Anyone looking for how-to tips on novel writing is bound to come across the old debate about whether to outline a book before typing a single word or to just sit down and write. I’ve experimented with both and have found that what works best for me is somewhere between those options.

When I wrote my first mystery, I didn’t create an outline. I simply faced the blank page and wrote down whatever came to mind. This is the pantser method, although I didn’t know the term way back then. Many times I had to go back and fill in the plot holes and logistical issues.

For the second book, I decided to spend more time plotting the novel first by creating a chapter-by-chapter outline. It became important to know who was killed and why before I started writing. Now, this sometimes changed once I got into my second and third rewrites while sorting out the story’s development. It’s also why I believe that flexibility with outlines is important.

Ten books later, I still outline with those key questions in mind, but primarily just for the first third of the book. For the middle section, or second act, I jot down key elements and plot twists that I want to happen. By the last third, there’s almost no outlining as the story is set up to reach a logical conclusion, hopefully one with a twist.

When I began my writing my urban fantasy, I decided to try the pantser version again. Despite the pitfalls, it just felt important to free myself and let the ideas and connections unfold without direction from an outline. Before I started writing, I did a lot of thinking though, and did have four main characters in mind and a good idea of what the book’s theme would be. On this sixth, intense draft I’m going through now, I’m still working on nuance issues and connections that I wish I’d thought of in earlier drafts. Would outlining have helped with that? I don’t know.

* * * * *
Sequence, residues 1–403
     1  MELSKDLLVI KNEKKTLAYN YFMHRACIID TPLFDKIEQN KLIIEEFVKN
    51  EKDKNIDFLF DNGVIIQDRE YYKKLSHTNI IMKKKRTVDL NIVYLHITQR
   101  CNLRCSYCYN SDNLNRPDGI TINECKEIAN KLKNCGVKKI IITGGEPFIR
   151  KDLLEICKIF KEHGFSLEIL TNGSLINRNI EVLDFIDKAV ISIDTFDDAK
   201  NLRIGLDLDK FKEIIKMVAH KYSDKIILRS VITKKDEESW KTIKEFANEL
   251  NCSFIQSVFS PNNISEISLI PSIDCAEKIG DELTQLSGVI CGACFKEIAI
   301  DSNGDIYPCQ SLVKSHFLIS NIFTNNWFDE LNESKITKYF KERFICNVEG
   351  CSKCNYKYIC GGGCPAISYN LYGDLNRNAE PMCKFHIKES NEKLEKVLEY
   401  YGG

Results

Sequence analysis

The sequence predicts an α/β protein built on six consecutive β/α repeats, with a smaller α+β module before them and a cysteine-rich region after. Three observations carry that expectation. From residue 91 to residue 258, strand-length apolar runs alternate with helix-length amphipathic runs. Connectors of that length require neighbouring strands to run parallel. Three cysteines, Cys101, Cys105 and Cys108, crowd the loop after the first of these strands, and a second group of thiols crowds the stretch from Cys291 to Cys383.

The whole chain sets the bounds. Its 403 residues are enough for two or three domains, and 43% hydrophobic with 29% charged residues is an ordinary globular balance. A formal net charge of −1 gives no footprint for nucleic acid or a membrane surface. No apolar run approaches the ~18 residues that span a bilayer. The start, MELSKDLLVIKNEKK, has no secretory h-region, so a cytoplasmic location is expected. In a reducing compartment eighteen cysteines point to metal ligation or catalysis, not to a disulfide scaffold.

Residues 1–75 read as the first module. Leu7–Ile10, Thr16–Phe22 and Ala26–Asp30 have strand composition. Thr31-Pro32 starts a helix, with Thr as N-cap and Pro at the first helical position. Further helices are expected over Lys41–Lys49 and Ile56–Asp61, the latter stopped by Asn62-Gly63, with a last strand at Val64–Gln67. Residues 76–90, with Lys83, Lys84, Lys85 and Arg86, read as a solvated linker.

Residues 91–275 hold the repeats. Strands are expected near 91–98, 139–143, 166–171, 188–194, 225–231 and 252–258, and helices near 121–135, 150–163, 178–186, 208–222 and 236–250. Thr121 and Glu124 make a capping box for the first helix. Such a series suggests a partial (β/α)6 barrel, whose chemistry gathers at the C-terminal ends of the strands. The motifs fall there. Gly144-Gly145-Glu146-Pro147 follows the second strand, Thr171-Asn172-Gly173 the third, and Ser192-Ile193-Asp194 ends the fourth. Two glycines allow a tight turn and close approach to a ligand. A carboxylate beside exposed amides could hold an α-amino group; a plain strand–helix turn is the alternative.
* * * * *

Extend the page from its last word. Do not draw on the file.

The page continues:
After reading every draft, I make notes along the way, which probably sounds familiar to you authors out there. The further into the edits I get, the more I need to check my notes, which is what happened this week. To ramp up the excitement, I introduced another element, which forced me to go back five chapters and rewrite the scene, which created a domino effect for most of the remaining chapters. Despite going back, I’m still moving forward with my improvements, so that’s a good thing. I just wish I’d been a little faster at picking up on the nuances and connections. Thank goodness I’m not writing to deadline or I’d be really hooped.